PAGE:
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Why every super paranoid internet user needs a cheap Chromebook

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Essentials Week spotlights unexpected items that make our daily lives just a little bit better.


Google’s Pixelbook is my favorite Chromebook ever. It’s thin, light, really fast, and converts into a tablet. It’s the best Chromebook there is, in my opinion.

But I secretly prefer a really cheap and crappier Chromebook, like the $150 Hisense one I reviewed a few years ago.

I know you’re judging me hard. Yes, I prefer all of my other technology to be cutting edge. But give me a chance to at least try to explain why a shitty Chromebook is one of my best-kept secrets, and why you should consider getting one for yourself.

Let me get this out of the way: Google owns all of my data. Between Gmail, Google Maps, Google Keep Notes, Google Assistant, and on and on, Google has collected mountains of information on me. It’s, quite frankly, really scary.

There simply is no privacy if you use Google services. But it’s not just Google. If you so much as connect to the internet, you’re leaving some kind of digital trail — visible or not — that could lead back to you.

Generally, I wouldn’t call myself a paranoid guy, and I’m honestly not doing anything illegal (at least I don’t think I am?), but I do worry from time to time about whether my computer is being watched without my knowing it.

I know it’s not foolproof, but I feel a little more comfortable with a piece of tape covering all of my laptops’ webcams. I use Chrome’s incognito mode whenever I don’t need access to my personal Google data. 

I also do all my personal banking via my phone and only over LTE, which is a more secure connection than WiFi. No, I almost never use public WiFi (you’re just asking to be snooped on), and yes, my home WiFi network is locked down like a bank vault with a password so strong I can’t ever possibly remember it.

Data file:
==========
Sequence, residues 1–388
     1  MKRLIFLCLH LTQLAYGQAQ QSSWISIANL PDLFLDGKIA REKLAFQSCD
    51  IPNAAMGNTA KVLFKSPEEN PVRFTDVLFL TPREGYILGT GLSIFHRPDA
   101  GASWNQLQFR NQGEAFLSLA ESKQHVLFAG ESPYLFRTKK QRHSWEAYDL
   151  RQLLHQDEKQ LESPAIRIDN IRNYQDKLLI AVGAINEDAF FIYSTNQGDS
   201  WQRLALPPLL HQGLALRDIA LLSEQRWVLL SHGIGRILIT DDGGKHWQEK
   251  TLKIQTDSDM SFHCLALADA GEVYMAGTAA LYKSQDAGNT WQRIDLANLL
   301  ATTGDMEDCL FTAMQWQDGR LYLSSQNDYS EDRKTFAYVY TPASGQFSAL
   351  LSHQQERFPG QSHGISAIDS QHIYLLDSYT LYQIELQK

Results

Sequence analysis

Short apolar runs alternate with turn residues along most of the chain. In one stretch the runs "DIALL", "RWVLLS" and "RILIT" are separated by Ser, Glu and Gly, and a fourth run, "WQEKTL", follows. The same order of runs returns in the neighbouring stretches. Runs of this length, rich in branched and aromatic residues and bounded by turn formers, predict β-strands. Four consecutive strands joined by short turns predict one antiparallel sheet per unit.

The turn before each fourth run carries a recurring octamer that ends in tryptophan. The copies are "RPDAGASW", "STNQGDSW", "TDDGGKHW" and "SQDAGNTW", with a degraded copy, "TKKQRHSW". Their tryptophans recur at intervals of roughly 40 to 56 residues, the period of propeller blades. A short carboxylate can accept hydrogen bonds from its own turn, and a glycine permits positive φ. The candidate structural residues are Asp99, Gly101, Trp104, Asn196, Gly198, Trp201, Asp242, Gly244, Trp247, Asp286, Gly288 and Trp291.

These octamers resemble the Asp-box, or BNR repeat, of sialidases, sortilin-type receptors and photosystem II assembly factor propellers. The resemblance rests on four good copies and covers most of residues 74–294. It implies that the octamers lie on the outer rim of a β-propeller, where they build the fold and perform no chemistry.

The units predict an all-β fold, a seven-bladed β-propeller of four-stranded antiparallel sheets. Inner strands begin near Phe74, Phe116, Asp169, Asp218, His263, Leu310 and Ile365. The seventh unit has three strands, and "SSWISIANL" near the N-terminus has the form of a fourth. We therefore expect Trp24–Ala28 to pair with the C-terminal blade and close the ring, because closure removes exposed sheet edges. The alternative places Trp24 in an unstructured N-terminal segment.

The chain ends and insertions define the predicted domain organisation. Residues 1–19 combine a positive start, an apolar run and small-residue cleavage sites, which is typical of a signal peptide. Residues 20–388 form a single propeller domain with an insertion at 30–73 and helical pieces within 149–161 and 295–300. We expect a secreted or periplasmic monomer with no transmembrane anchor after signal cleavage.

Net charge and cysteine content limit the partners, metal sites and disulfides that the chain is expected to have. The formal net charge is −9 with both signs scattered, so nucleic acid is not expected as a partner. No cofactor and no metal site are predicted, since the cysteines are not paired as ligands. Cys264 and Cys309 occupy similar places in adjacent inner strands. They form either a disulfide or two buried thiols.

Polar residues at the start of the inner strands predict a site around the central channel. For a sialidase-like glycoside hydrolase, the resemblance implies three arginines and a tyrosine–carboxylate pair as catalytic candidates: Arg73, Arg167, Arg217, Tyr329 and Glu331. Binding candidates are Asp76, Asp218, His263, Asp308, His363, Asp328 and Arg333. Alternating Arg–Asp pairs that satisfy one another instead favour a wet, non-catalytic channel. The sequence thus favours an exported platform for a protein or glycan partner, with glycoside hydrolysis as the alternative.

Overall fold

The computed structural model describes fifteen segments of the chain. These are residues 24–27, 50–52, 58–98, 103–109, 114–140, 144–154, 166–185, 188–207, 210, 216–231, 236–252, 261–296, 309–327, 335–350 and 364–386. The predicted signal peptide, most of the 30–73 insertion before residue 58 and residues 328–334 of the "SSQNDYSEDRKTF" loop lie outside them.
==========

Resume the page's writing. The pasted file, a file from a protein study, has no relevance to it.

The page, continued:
Paying for Radio Silence to block incoming and outgoing traffic for certain apps I’m suspicious of was one of the best app purchases I’ve ever made.

Seriously, I’ve taken just about every possible precaution to make sure nobody is spying on me and my internet activities.

And yet!

I use a shitty Chromebook. Why?

Because I treat it like a burner phone. With guest mode, where I never have to enter any Google login, I feel just a little safer than using an incognito tab.

After every session, I exit guest mode so that it clears my internet browsing cache. Each new session is fresh.

Guest mode prevents any way for Google to know who I really am. There can be no exploits that “accidentally” expose my data, because I never complete that online handshake.

If I’m abroad and need to stream, say, a video from a site that might be questionable, I don’t have to worry about some kind of malware secretly installing itself in the background and uploading all of my private files and data to some server in, say, Russia or China because — oh, what’s that? — I don’t store any important data on my Chromebook. Not to mention, my bare-bones Chromebook has less than 32GB of storage.

Just to cover my tracks, I often keep a whole bunch of fake files on my Chromebook — useless stuff like screenshots.

Also, using a Chromebook means it’s almost impossible to get a virus. Just about everything within Chrome OS is sandboxed, and viruses designed for Windows and Macs usually have no effect on Google’s OS.

Even if I did somehow get a virus or malware, it’s not like it’d have any of my real data. I’d just factory reset the machine, and it would be good as new in a few minutes.

But perhaps the biggest reason I use a crappy Chromebook for so many of my private online activities is because if anyone were to ever track me down and try to get ahold of my computer, I’d just …

Yep, that’s right. I’d grab the hammer I have conveniently placed in the cabinet underneath my kitchen sink, smash my Chromebook to a million pieces (making sure to destroy the SSD, of course), and then walk down the block and trash it in a garbage can.

Good luck finding my busted laptop and the worthless data inside of it.

Writing this out has made me realize I may have watched one too many Mission Impossible movies. I’m not that important where someone would ever need to try to steal my laptop. Besides, I really have nothing to hide — really!

But if you just don’t feel safe for whatever reason (sometimes you just can’t shake off paranoia) and having these measures gives you some kind of calm, you do you. It works for me. 

You may think you don’t need a burner Chromebook. But it sure helps me sleep better at night.

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